Page 315 - ... commander-in-chief of the army and navy of the United States, in time of actual armed rebellion against the authority and Government of the United States, and as a fit and necessary war measure for suppressing said rebellion, do, on this first day of January, in the year of our Lord one thousand eight hundred and...
Page 427 - Great captains, with their guns and drums, Disturb our judgment for the hour, But at last silence comes; These all are gone, and, standing like a tower, Our children shall behold his fame, The kindly-earnest, brave, foreseeing man, Sagacious, patient, dreading praise, not blame, New birth of our new soil, the first American.
Page 236 - In your hands, my dissatisfied fellow-countrymen, and not in mine, is the momentous issue of civil war. The government will not assail you. You can have no conflict without being yourselves the aggressors. You have no oath registered in heaven to destroy the government, while I shall have the most solemn one to "preserve, protect, and defend it.
Page 133 - A house divided against itself cannot stand." I believe this government cannot endure permanently half slave and half free. I do not expect the Union to be dissolved— I do not expect the house to fall— but I do expect it will cease to be divided. It will become all one thing, or all the other. Either the opponents of slavery will arrest the further spread of it, and place it where the public mind shall rest in the belief that it is in the course of ultimate extinction; or its advocates will push...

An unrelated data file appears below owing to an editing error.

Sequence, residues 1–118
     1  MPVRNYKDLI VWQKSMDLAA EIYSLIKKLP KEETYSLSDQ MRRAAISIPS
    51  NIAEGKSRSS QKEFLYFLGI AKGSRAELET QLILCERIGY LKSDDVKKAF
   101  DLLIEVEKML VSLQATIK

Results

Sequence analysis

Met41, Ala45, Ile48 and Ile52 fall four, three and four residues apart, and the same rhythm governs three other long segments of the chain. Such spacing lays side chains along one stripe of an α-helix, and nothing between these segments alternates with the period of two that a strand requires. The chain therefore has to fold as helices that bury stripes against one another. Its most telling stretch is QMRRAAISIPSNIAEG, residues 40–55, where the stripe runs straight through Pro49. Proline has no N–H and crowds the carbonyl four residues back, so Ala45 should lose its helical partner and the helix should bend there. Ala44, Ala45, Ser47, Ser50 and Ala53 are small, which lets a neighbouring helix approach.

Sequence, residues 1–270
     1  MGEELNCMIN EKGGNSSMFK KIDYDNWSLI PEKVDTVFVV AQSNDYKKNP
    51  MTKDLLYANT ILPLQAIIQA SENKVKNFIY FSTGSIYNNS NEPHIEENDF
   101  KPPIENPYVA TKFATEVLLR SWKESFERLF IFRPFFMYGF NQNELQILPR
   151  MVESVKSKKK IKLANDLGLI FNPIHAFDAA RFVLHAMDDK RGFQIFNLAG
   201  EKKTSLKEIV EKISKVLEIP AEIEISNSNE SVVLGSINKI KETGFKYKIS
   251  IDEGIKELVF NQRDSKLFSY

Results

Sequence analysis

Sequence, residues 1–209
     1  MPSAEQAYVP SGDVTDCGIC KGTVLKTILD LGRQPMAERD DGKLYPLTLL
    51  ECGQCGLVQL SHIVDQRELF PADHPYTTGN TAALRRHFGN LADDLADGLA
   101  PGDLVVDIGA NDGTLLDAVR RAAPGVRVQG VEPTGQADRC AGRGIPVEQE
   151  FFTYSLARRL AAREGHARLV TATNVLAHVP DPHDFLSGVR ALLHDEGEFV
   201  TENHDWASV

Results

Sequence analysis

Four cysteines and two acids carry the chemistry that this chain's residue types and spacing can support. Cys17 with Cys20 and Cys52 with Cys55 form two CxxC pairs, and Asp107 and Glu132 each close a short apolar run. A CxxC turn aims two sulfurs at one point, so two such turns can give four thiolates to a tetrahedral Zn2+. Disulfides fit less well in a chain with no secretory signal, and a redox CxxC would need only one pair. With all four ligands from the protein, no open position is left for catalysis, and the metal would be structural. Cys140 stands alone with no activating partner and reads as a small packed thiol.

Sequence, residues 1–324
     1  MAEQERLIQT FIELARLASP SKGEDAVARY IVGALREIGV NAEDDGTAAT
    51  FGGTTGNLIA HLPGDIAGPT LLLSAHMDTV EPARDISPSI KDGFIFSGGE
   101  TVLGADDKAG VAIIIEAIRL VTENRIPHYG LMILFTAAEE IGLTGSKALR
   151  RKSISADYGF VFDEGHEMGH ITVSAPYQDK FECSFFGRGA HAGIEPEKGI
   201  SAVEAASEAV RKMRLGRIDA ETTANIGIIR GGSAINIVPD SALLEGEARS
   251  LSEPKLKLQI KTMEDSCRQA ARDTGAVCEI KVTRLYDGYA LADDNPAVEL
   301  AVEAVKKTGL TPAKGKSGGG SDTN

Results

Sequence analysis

Page 228 - The power confided to me will be used to hold, occupy, and possess the property and places belonging to the government, and to collect the duties and imposts; but beyond what may be necessary for these objects, there will be no invasion, no using of force against or among the people anywhere.
Page 218 - I therefore consider that in view of the Constitution and the laws the Union is unbroken, and to the extent of my ability I shall take care, as the Constitution itself expressly enjoins upon me, that the laws of the Union be faithfully executed in all the States.
Page 157 - Wrong as we think slavery is, we can yet afford to let it alone where it is, because that much is due to the necessity arising from its actual presence in the nation; but can we while our votes will prevent it allow it to spread into the national Territories and to overrun us here in these free States! If our sense of duty forbids this, then let us stand by our duty fearlessly and effectively.
Page 57 - They believe that the institution of slavery is founded on both injustice and bad policy; but that the promulgation of abolition doctrines tends rather to increase than to abate its evils. They believe that the Congress of the United States has no power, under the constitution, to interfere with the institution of slavery in the different States.